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Marinopyrrole derivative MP1 as a novel anti-cancer agent in group 3 MYC-amplified Medulloblastoma



Medulloblastoma (MB) patients with MYC oncogene amplification or overexpression exhibit extremely poor prognoses and therapy resistance. However, MYC itself has been one of the most challenging targets for cancer treatment. Here, we identify a novel marinopyrrole natural derivative, MP1, that shows desirable anti-MYC and anti-cancer activities in MB.


In this study, using MYC-amplified (Group 3) and non-MYC amplified MB cell lines in vitro and in vivo, we evaluated anti-cancer efficacies and molecular mechanism(s) of MP1.


MP1 significantly suppressed MB cell growth and sphere counts and induced G2 cell cycle arrest and apoptosis in a MYC-dependent manner. Mechanistically, MP1 strongly downregulated the expression of MYC protein. Our results with RNA-seq revealed that MP1 significantly modulated global gene expression and inhibited MYC-associated transcriptional targets including translation/mTOR targets. In addition, MP1 inhibited MYC-target metabolism, leading to declined energy levels. The combination of MP1 with an FDA-approved mTOR inhibitor temsirolimus synergistically inhibited MB cell growth/survival by downregulating the expression of MYC and mTOR signaling components. Our results further showed that as single agents, both MP1 and temsirolimus, were able to significantly inhibit tumor growth and MYC expression in subcutaneously or orthotopically MYC-amplified MB bearing mice. In combination, there were further anti-MB effects on the tumor growth and MYC expression in mice.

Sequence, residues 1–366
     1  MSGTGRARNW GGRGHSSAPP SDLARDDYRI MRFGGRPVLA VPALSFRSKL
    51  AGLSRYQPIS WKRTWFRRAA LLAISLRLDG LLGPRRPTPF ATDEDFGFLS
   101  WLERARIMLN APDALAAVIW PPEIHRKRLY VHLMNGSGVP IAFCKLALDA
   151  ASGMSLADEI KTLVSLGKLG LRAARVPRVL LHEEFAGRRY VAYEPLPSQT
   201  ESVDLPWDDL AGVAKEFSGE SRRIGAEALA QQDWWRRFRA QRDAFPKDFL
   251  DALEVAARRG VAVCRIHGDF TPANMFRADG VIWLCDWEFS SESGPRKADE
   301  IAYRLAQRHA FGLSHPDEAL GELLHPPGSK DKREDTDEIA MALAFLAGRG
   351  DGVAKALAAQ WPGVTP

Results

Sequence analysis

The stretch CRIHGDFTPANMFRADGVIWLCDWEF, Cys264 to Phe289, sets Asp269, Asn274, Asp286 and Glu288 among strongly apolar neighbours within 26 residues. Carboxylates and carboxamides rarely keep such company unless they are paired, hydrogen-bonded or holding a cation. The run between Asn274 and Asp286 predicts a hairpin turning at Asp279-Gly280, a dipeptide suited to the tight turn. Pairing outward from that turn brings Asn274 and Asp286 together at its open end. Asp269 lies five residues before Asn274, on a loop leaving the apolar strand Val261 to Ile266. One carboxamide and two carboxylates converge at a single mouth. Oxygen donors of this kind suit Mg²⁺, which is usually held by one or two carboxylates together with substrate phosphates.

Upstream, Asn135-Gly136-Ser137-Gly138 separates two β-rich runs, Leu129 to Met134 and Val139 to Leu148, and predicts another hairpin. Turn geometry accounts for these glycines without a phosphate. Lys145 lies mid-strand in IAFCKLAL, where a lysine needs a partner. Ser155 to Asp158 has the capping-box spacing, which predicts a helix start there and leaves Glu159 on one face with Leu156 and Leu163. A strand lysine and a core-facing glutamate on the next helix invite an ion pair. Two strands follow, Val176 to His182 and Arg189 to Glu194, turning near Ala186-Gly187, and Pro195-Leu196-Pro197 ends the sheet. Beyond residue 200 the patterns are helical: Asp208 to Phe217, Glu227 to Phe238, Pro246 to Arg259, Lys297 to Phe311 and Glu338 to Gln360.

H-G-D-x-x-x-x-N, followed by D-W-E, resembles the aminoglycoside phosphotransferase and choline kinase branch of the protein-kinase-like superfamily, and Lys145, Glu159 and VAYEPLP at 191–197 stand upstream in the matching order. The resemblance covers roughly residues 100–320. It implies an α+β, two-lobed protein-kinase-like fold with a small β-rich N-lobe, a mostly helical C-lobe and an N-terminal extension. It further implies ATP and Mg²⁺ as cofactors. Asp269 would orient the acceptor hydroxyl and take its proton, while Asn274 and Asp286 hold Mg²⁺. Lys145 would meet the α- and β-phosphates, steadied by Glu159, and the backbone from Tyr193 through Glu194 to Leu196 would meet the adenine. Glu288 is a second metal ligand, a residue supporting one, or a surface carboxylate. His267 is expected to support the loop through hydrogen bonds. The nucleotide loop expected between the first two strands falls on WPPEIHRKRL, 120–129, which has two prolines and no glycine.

These preclinical findings highlight the promise of marinopyrrole MP1 as a novel MYC inhibition approach for MYC-amplified MB.


Medulloblastoma (MB) is the most common intracerebellar pediatric brain tumor, accounting for approximately 20% of all childhood brain tumors and over 60% of embryonal brain tumors. Standard-of-care treatment for MB consists of surgery, radiation, and chemotherapy, and approximately one-third of children die from this disease. Moreover, severe treatment-related toxicity remains a major problem for survivors [1, 2]. Extensive genetic, epigenetic, and transcriptomic analyses have identified MB as a heterogenous disease with four major molecular subgroups namely wingless (WNT pathway-activated), sonic-hedgehog (SHH pathway-activated) Group 3 and Group 4 [3,4,5,6,7]. Of these, Group 3 MB often exhibits MYC amplification (17–20% of cases) or overexpression, metastasis (40–50% of cases), and treatment failure, and it has the worst prognosis of the MB subgroups with < 60% survival [5, 8, 9]. Thus, there is an urgent and unmet need to develop new targeted therapies for the treatment of such MB while acquiring limited toxicities.

Molecularly targeted therapies are better tolerated than traditional therapies and have prolonged patient survival [10]. Targeting MYC has high potential therapeutic value due to its wide role in cancer development, its overexpression in varied cancers (approximately 70% of cancers), and its association with a poor prognosis [11]. Currently, there are no effective small-molecule therapeutic agents available for treating MYC-amplified MB. In the past, drug discovery approaches aimed at blocking MYC heterodimerization with MAX or its binding with DNA have largely failed [11, 12]. While alternative indirect strategies have been proposed, due to the broad role and the number of pathways affected by its overexpression, MYC remains challenging to target.